Briefly

Nebraska voter ID petition drive enlists help of Gov. Ricketts for last-minute push

By: - June 23, 2022 3:00 am

(Stephen Maturen/Getty Images)

LINCOLN — A group seeking to place a voter ID initiative on the November ballot announced Wednesday that it has enlisted Gov. Pete Ricketts to help round up last-minute signatures for the effort.

 Citizens for Voter ID, which has been primarily financed by Ricketts’ mother, Marlene, said it will hold a series of town hall meetings next week in eastern Nebraska featuring the Republican governor.

“These town halls will be a great opportunity not only to hear how the petition effort for voter ID is going, but how voter ID will enhance, secure, and protect election integrity,” said State Sen. Julie Slama, who is a named sponsor of the petition drive.

State Sen. Julie Slama
State Sen. Julie Slama
(Courtesy of Unicameral Information Office)

July 7 deadline

Citizens for Voter ID did not respond to a request by the Nebraska Examiner on Wednesday to indicate how many signatures it had collected so far. It will need to submit valid signatures of 10% of the registered voters in the state — about 124,000 — by the July 7 deadline to qualify the proposed constitutional amendment for the November ballot.

The proposal would require voters to present “valid photographic identification” in order to vote. Thirty-five states have laws requiring voters to show some form of ID at the polls, according to the National Conference of State Legislatures.

 A spokeswoman for the voter ID group said that additional petition circulators had been hired recently to help gather sufficient signatures and that the effort was “on track” to qualify.

Complaints about circulators

Last month, the Nebraska Examiner reported that both a current and former state senator had complained about paid, voter ID petition circulators misrepresenting what the initiative would do and misidentifying themselves as “state employees.” 

John Cartier, the voting rights director for Civic Nebraska, said that if the issue the petition effort  is “integrity,” it should focus on the “fraud” committed by  voter ID petition circulators.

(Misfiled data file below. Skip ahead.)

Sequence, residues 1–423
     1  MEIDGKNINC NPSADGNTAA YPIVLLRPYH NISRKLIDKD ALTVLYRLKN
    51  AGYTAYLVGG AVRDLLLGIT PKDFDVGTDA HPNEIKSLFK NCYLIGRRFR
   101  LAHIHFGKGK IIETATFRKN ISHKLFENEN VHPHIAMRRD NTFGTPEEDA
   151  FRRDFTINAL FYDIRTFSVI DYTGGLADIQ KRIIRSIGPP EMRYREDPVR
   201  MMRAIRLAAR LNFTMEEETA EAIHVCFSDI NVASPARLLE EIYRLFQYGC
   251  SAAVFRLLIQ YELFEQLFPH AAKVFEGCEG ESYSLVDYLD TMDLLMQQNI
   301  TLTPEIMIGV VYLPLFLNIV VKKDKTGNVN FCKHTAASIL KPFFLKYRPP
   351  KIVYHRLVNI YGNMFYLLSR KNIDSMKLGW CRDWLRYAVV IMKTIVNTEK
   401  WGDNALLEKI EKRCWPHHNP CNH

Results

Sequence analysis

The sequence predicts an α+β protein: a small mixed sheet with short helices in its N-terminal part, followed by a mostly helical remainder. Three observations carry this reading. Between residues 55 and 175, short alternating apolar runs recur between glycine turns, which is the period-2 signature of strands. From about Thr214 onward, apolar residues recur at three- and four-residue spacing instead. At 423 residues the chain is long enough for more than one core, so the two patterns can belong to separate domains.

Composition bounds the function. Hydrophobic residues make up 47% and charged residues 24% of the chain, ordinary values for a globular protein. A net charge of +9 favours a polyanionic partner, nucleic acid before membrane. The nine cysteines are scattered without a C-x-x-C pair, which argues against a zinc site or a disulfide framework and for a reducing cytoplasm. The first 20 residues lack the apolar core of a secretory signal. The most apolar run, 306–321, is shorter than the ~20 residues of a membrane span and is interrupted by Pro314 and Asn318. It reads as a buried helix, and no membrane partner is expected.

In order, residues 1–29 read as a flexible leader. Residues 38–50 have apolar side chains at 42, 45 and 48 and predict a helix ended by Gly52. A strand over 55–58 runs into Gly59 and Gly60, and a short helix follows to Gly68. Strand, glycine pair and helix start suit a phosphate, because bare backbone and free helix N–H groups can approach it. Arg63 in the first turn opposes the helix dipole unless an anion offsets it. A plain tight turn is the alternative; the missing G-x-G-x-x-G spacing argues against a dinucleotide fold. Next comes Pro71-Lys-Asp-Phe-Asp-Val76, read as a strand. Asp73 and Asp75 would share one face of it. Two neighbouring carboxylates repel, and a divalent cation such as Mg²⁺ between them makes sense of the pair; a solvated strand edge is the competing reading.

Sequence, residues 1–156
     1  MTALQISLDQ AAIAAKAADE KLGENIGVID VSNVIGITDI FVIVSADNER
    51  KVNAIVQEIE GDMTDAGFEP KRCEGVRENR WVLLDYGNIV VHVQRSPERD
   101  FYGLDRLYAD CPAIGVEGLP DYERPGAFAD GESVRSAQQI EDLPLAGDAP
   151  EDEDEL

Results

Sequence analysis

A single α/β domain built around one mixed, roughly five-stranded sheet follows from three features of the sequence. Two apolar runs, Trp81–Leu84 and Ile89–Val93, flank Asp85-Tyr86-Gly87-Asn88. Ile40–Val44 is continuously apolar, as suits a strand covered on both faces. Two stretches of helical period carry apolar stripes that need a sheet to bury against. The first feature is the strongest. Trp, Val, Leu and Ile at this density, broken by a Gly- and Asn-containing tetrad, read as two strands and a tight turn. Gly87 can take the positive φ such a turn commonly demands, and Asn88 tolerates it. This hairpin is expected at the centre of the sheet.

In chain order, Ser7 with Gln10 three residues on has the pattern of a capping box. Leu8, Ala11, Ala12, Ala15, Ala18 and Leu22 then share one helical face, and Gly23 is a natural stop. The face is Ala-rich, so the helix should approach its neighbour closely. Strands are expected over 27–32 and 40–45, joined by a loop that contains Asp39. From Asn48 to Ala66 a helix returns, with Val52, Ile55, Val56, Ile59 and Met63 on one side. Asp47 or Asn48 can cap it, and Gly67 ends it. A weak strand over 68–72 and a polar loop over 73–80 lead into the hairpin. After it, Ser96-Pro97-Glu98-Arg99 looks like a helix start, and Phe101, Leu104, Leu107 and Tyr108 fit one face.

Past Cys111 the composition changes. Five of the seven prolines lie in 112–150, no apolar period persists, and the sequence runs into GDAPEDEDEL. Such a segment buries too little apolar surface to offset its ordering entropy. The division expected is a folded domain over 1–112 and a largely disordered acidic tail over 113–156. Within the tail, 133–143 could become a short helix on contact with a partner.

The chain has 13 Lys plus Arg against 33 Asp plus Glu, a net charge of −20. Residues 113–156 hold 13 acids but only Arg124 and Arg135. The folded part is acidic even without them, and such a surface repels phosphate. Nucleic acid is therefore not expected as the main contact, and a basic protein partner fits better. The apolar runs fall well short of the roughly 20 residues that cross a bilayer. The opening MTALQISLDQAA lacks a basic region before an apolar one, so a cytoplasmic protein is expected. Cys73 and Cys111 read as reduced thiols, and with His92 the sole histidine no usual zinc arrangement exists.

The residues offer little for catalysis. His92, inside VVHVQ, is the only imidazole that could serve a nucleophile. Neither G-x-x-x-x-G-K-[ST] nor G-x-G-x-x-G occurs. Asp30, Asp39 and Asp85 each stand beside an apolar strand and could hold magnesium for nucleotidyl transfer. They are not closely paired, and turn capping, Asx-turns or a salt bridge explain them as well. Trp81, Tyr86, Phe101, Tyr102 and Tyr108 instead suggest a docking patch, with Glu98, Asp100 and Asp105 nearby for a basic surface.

Cartier said his group has gathered 10 signed affidavits from people seeking to have their names removed from the voter ID petition because they were misled. An official with the Nebraska Secretary of State’s Office said Wednesday that it had received five such affidavits.

Citizens for Voter ID has billed its initiative as “protecting Nebraska’s election integrity.” After the complaints surfaced, Slama pledged to investigate and take appropriate action against any circulators acting inappropriately.

Not a problem

Cartier said that the initiative is addressing a problem that doesn’t exist because “voter impersonation” is so rare.

“Measures like this serve to disenfranchise people for no real reason, except it sounds good on the campaign trail,” he said.  

Secretary of State Bob Evnen has said that he supports voter ID requirements, but he has also said he found no evidence of fraudulent votes cast in the 2020 election.

Campaign spending reports, submitted by Citizens for Voter ID in November 2021, indicated that it has collected $377,000 in donations: $376,000 from Marlene Ricketts and $1,000 from former Omaha Mayor and U.S. Rep. Hal Daub.

The voter ID town halls are scheduled: 

Tuesday: 10 a.m., LA Fire Proof Door, Fremont; 2:30 p.m., Majestic Theatre, Wayne.

Thursday, June 30: 9 a.m., Arbor Bank, Nebraska City; 1 p.m., Vintage Venue, Beatrice; 3:30 p.m., Holthus Convention Center, York.

Editor’s note: This story has been updated to correct the number of signatures needed to place the measure on the general election ballot.

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Paul Hammel
Paul Hammel

Senior Reporter Paul Hammel has covered the Nebraska Legislature and Nebraska state government for decades. He started his career reporting for the Omaha Sun and later, editing the Papillion Times group in suburban Omaha. He joined the Lincoln Journal-Star as a sports enterprise reporter, and then a roving reporter covering southeast Nebraska. In 1990, he was hired by the Omaha World-Herald as a legislative reporter. Later, for 15 years, he roamed the state covering all kinds of news and feature stories. In the past decade, he served as chief of the Lincoln Bureau and enterprise reporter. Paul has won awards for reporting from Great Plains Journalism, the Associated Press, Nebraska Newspaper Association and Suburban Newspapers of America. A native of Ralston, Nebraska, he is vice president of the John G. Neihardt Foundation, a member of the Nebraska Hop Growers and a volunteer caretaker of Irvingdale Park in Lincoln.

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